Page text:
Luke’s story contradicts Matthew’s.  For one thing, the angel comes to Mary instead of Joseph and this is how we usually remember it in the school nativity.  Then we come to the part in Luke 2:1-5 which talks about a decree from the Emperor Augustus that a census be done.  He makes the unwise mistake of establishing some historical baselines.  Unwise because we can check it against historical data.  No such census took place in the days when Augustus was emperor of Rome and Quirinnius was governor of Syria.  But let’s suppose for a moment that one did and nobody wrote it down (an odd thing to do in a census, the entire point of those things being documentation).  Why would such a thing require that a person travel to ‘their’ city?  Surely the purpose of a census is to find out who is living where, not where…..well, wait.  Was Joseph born in Bethlehem?  There’s no suggestion anywhere in the Bible that this was the case, unless you count Matthew who – as we’ve seen – has them living there all along.  Matthew talks about the family being chased out of Bethlehem, their home, whereas Luke documents a fleeting visit.  So according to Luke, why is Joseph in Bethlehem in the first place?  Because it’s David’s city and David was one of Joseph’s ancestors, as established in Matthew’s genealogy.  Not very convincing, is it?  Why was David chosen instead of Joseph’s other thirteen ancestors?  Why not Abraham himself, since Matthew traces it back that far?  No part of this makes sense.

But this undoubted fiction gets them there, I guess.  Which is sort of in accordance with prophecy, I suppose. Then we have the business of the one inn in Bethlehem and there being no room there, since it was the millennium.  And we have stables and mangers and shepherds, none of which are mentioned in Matthew.  As well as only one inn, by the way, Bethlehem must only have had one stable.  The shepherds and the wise men seemed to find it without apparent difficulty. Oh, wait: the magi turned up a few years later and it's a modern conceit that the whole business plays out on a single night.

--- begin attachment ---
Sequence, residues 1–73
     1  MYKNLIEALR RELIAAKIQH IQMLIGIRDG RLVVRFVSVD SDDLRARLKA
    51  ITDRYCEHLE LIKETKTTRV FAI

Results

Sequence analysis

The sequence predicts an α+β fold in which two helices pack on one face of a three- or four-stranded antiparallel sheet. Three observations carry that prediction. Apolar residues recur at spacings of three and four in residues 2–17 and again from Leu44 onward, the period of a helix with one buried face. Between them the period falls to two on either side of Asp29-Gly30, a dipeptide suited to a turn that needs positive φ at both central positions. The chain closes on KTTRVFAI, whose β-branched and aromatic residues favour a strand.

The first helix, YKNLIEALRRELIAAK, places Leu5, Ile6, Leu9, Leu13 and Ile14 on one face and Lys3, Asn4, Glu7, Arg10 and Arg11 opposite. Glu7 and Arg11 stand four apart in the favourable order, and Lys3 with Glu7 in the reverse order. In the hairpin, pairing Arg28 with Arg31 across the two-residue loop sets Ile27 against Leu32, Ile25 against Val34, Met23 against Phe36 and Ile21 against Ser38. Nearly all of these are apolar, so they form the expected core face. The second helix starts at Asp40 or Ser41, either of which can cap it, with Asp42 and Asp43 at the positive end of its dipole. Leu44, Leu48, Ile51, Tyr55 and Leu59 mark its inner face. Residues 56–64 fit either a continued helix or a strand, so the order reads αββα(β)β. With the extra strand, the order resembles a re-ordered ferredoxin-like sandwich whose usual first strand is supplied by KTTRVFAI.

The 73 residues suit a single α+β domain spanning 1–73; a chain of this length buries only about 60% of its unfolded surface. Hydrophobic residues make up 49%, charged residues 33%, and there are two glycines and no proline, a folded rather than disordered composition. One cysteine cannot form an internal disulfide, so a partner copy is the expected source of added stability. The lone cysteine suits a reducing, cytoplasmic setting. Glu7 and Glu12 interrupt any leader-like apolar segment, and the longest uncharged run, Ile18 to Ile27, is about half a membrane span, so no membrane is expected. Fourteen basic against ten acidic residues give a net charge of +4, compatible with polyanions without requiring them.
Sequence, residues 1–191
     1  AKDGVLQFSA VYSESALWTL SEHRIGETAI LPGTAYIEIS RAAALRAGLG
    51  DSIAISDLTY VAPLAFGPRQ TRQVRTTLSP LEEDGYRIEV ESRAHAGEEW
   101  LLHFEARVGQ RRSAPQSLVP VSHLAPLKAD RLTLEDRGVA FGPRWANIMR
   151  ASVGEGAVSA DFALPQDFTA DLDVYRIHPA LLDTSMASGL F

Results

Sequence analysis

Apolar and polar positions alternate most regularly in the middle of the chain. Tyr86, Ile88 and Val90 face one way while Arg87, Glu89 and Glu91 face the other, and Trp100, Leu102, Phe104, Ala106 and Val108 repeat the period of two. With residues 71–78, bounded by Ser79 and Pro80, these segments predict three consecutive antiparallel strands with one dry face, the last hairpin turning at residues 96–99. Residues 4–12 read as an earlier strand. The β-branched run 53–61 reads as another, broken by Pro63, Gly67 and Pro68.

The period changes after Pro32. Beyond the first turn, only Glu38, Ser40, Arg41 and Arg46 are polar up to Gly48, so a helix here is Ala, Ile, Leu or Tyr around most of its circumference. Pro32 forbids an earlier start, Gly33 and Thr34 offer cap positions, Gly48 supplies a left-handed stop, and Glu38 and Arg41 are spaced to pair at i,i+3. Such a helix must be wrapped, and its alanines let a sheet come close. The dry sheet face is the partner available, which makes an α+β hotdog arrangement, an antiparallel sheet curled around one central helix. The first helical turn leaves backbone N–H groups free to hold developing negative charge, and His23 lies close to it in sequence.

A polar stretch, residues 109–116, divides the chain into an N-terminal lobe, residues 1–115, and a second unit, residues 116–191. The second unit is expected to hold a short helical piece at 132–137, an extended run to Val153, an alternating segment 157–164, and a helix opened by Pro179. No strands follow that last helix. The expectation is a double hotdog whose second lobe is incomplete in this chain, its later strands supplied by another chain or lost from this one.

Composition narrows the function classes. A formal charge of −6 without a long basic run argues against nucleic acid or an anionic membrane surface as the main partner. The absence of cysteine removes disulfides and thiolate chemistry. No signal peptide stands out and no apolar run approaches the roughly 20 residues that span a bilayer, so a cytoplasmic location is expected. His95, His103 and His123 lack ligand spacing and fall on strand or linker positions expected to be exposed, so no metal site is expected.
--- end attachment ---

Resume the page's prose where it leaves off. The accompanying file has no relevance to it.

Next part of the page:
Luke’s account of the nativity is pretty brief, only 20 verses long.  Luke’s a dweller.  He bangs on and on about other happenings that we today regard as inconsequential, but he skims over the birth of the messiah as though it’s an afterthought.

Let’s finish by going back to Matthew.  The original text uses the word ‘עלמה’, which doesn’t specifically mean ‘virgin’.  It refers in general to an unmarried, betrothed or perhaps newly wed woman.  The same word is used elsewhere in the bible without the implication of virginity.  There’s a different, specific, word for ‘virgin’ and it’s hard to understand why that word wasn’t used if virginity was the concept Matthew – whoever he was (he certainly was not a disciple of Jesus as many claim) was trying to convey.

So in summary, the Christmas story is both inconsistent and incoherent.  It’s iconography is stolen from Mithras and other, earlier, religions.  The Bible is assembled from texts that were decided by someone with an ulterior motive to be canonical, while the others were thrown away.

And yet to Christians, this story is enormously important.

Monday, January 03, 2011